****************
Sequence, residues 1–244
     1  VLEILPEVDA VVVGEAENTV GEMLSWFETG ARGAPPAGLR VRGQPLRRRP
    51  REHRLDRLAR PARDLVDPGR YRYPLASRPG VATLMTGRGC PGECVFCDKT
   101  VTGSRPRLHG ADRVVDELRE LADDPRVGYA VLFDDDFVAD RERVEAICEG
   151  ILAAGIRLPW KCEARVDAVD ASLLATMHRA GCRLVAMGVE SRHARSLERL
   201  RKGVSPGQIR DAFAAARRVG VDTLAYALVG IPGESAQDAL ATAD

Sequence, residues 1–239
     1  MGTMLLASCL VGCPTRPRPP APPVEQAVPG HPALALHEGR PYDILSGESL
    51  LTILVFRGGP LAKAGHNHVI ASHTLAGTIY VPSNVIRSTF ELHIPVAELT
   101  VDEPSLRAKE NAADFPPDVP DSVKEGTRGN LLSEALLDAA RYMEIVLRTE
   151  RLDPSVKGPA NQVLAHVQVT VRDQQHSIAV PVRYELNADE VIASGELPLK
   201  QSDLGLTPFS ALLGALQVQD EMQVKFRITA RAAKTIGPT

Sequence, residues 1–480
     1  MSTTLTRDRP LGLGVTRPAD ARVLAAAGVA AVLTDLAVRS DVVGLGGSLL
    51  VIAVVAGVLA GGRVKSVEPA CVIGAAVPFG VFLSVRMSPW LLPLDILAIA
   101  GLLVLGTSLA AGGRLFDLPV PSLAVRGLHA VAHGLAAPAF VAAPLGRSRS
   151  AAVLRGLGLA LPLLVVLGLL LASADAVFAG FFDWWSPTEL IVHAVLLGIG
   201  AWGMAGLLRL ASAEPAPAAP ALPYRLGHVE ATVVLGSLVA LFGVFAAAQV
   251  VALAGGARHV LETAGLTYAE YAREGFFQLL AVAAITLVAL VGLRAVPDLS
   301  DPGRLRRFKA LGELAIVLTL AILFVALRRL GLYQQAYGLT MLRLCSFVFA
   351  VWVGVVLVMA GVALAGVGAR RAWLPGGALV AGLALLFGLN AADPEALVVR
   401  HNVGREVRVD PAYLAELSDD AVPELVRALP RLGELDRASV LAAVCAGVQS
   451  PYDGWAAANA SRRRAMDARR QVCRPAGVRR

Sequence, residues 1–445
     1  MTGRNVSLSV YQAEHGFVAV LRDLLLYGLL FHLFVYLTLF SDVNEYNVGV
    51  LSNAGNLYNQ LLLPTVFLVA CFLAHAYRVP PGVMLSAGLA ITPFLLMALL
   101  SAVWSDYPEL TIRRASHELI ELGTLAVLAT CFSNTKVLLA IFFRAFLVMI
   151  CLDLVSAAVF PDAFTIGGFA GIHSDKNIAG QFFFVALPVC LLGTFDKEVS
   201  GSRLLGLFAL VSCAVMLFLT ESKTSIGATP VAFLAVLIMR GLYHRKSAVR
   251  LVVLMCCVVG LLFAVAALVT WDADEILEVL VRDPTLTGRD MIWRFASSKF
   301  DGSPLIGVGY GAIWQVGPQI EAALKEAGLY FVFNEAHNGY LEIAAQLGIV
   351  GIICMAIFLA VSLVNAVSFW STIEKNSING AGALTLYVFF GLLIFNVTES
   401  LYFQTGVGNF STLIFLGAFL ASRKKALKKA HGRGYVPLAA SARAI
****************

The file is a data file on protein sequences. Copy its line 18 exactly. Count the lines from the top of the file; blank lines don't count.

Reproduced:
   201  AWGMAGLLRL ASAEPAPAAP ALPYRLGHVE ATVVLGSLVA LFGVFAAAQV